Cote d'Ivoire is heavily dependent on agriculture and related activities, which engage roughly two-thirds of the population. Cote d'Ivoire is the world's largest producer and exporter of cocoa beans and a significant producer and exporter of coffee and palm oil. Consequently, the economy is highly sensitive to fluctuations in international prices for these products and in climatic conditions. Cocoa, oil, and coffee are the country's top export revenue earners, but the country has targeted the agricultural processing of cocoa, cashews, mangoes, and other commodities as a high priority. Mining gold and exporting electricity are growing industries outside agriculture.

Following the end of more than a decade of civil conflict in 2011, Cote d’Ivoire has experienced a boom in foreign investment and economic growth. In June 2012, the IMF and the World Bank announced $4.4 billion in debt relief for Cote d'Ivoire under the Highly Indebted Poor Countries Initiative. For the last 5 years Cote d'Ivoire's growth rate has been among the highest in the world.
GDP (purchasing power parity)$3.787 billion (2016 est.)
$3.806 billion (2015 est.)
$3.806 billion (2014 est.)
note: data are in 2016 dollars
$87.12 billion (2016 est.)
$80.68 billion (2015 est.)
$74.33 billion (2014 est.)
note: data are in 2016 dollars
GDP - real growth rate-0.5% (2016 est.)
0% (2015 est.)
0.7% (2014 est.)
8% (2016 est.)
8.5% (2015 est.)
7.9% (2014 est.)
GDP - per capita (PPP)$900 (2016 est.)
$900 (2015 est.)
$900 (2014 est.)
note: data are in 2016 dollars
$3,600 (2016 est.)
$3,400 (2015 est.)
$3,200 (2014 est.)
note: data are in 2016 dollars
GDP - composition by sectoragriculture: 44.7%
industry: 6.8%
services: 48.5% (2016 est.)
agriculture: 17.6%
industry: 19.5%
services: 62.8% (2016 est.)
Population below poverty line54.1% (2014 est.)
46.3% (2015 est.)
Household income or consumption by percentage sharelowest 10%: 2.4%
highest 10%: 30.1% (2007)
lowest 10%: 2.2%
highest 10%: 31.8% (2008)
Inflation rate (consumer prices)8.8% (2016 est.)
7.8% (2015 est.)
1.2% (2016 est.)
1.3% (2015 est.)
Labor force1.654 million (2016 est.)
8.543 million (2016 est.)
Labor force - by occupationagriculture: 70%
industry: 8%
services: 22% (2000 est.)
agriculture: 68%
industry and services: NA% (2007 est.)
Unemployment rate2.8% (2014 est.)
NA%
Distribution of family income - Gini index32 (2014)
38.2 (2007)
41.5 (2008)
36.7 (1995)
Budgetrevenues: $560.2 million
expenditures: $600.2 million (2016 est.)
revenues: $6.839 billion
expenditures: $8.17 billion (2016 est.)
Industriesmining (iron ore and gold), rubber processing, palm oil processing, diamonds
foodstuffs, beverages; wood products, oil refining, gold mining, truck and bus assembly, textiles, fertilizer, building materials, electricity
Industrial production growth rate-4.7% (2016 est.)
8.5% (2016 est.)
Agriculture - productsrubber, coffee, cocoa, rice, cassava (manioc, tapioca), palm oil, sugarcane, bananas; sheep, goats; timber
coffee, cocoa beans, bananas, palm kernels, corn, rice, cassava (manioc, tapioca), sweet potatoes, sugar, cotton, rubber; timber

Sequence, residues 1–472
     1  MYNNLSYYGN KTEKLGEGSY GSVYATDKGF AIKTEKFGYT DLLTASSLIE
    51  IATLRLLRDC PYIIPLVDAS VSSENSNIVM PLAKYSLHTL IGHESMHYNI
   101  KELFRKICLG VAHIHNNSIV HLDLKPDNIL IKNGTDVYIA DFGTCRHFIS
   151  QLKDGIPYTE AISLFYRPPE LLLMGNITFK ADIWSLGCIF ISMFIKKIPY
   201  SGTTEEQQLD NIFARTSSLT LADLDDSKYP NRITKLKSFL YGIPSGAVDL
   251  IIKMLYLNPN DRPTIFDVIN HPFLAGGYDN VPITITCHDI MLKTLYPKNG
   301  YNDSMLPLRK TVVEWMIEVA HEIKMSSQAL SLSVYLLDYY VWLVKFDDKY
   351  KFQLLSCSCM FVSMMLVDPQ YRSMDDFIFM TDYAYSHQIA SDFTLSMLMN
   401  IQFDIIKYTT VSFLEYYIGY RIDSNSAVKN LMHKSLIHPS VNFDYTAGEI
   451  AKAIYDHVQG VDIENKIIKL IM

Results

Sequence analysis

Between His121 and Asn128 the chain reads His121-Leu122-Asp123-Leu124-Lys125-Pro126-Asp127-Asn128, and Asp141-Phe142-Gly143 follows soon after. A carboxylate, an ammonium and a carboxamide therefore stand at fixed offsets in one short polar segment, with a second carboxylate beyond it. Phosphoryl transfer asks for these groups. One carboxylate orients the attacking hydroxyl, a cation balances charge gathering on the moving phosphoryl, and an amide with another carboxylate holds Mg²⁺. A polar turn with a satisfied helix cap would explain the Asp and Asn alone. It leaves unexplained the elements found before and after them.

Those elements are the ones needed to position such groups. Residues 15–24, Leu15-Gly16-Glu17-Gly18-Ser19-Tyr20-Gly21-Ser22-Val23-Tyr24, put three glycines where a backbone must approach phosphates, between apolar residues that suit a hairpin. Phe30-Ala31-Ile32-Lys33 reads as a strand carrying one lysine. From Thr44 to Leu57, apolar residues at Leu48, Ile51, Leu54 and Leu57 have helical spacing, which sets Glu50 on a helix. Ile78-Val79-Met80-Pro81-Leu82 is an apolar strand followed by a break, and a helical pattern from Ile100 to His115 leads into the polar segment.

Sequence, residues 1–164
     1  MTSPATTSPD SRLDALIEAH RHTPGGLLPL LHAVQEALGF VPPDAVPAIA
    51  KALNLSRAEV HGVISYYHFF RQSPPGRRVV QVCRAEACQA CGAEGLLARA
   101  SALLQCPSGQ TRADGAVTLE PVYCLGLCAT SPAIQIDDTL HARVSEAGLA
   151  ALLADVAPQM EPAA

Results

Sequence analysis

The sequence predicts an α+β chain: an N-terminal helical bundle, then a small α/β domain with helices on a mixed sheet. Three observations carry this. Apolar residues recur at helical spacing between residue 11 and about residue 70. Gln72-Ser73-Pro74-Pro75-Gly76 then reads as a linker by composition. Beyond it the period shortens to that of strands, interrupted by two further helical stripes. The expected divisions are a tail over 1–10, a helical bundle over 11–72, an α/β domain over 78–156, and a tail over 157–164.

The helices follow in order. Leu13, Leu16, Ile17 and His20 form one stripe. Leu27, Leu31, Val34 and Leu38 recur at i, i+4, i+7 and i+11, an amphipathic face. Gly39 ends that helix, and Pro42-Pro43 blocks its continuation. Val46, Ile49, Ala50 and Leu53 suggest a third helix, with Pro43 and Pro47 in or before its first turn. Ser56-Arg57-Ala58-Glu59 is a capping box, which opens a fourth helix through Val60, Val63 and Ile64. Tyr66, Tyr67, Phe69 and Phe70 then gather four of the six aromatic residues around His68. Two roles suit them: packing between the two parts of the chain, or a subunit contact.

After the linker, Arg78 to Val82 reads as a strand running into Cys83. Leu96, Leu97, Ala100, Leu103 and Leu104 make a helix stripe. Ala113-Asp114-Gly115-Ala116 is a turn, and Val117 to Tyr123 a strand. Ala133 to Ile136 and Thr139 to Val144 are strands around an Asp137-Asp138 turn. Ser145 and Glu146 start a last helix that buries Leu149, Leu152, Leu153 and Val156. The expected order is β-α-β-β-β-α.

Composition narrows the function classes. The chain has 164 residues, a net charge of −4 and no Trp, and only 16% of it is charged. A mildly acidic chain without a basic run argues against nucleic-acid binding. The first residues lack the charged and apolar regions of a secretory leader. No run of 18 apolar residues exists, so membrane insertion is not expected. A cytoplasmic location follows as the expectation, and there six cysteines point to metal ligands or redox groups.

Exports$370.4 million (2016 est.)
$499.4 million (2015 est.)
$11.73 billion (2016 est.)
$11.98 billion (2015 est.)
Exports - commoditiesrubber, timber, iron, diamonds, cocoa, coffee
cocoa, coffee, timber, petroleum, cotton, bananas, pineapples, palm oil, fish
Exports - partnersPoland 32.9%, China 20.7%, India 9.4%, US 5%, Greece 4.6%, France 4.3% (2015)
US 8.6%, Netherlands 6.2%, France 5.7%, Germany 5.6%, Nigeria 5.6%, Burkina Faso 5.5%, Belgium 5.3%, India 4.7%, Ghana 4.4%, Switzerland 4.1% (2015)
Imports$1.885 billion (2016 est.)
$2.541 billion (2015 est.)
$8.966 billion (2016 est.)
$8.609 billion (2015 est.)
Imports - commoditiesfuels, chemicals, machinery, transportation equipment, manufactured goods; foodstuffs
fuel, capital equipment, foodstuffs
Imports - partnersSingapore 28.8%, China 16%, South Korea 15.3%, Japan 10.3%, Philippines 6.7% (2015)
Nigeria 21.8%, China 14.3%, France 11.3%, Bahamas, The 5% (2015)
Debt - external$501.4 million (30 November 2016 est.)
$383.8 million (30 November 2015 est.)
$12.84 billion (31 December 2016 est.)
$11.71 billion (31 December 2015 est.)
Exchange ratesLiberian dollars (LRD) per US dollar -
92.33 (2016 est.)
85.3 (2015 est.)
85.3 (2014 est.)
83.893 (2013 est.)
73.52 (2012 est.)
Communaute Financiere Africaine francs (XOF) per US dollar -
604.4 (2016 est.)
591.45 (2015 est.)
591.45 (2014 est.)
494.42 (2013 est.)
510.29 (2012 est.)
Fiscal yearcalendar year
calendar year
Public debt36.4% of GDP (2016 est.)
32.1% of GDP (2015 est.)
50.9% of GDP (2016 est.)
49.1% of GDP (2015 est.)
Current Account Balance-$530 million (2016 est.)
-$718 million (2015 est.)
-$774 million (2016 est.)
-$323 million (2015 est.)
GDP (official exchange rate)$2.112 billion (2016 est.)
$34.65 billion (2016 est.)
Stock of direct foreign investment - at home$17.01 billion (31 December 2015 est.)
$16.56 billion (31 December 2014 est.)
$NA
Stock of direct foreign investment - abroad$201 million (31 December 2013 est.)
$201 million (31 December 2012 est.)
$NA
Market value of publicly traded shares$NA
$12.49 billion (31 December 2015 est.)
$11.71 billion (31 December 2014 est.)
$11.82 billion (31 December 2013 est.)
Central bank discount rate3.2% (2016)
4.25% (31 December 2010)
4.25% (31 December 2009)
Commercial bank prime lending rate13.59% (31 December 2016 est.)
13.61% (31 December 2015 est.)
2.5% (31 December 2016 est.)
2.5% (31 December 2015 est.)
Stock of domestic credit$622.4 million (30 November 2016 est.)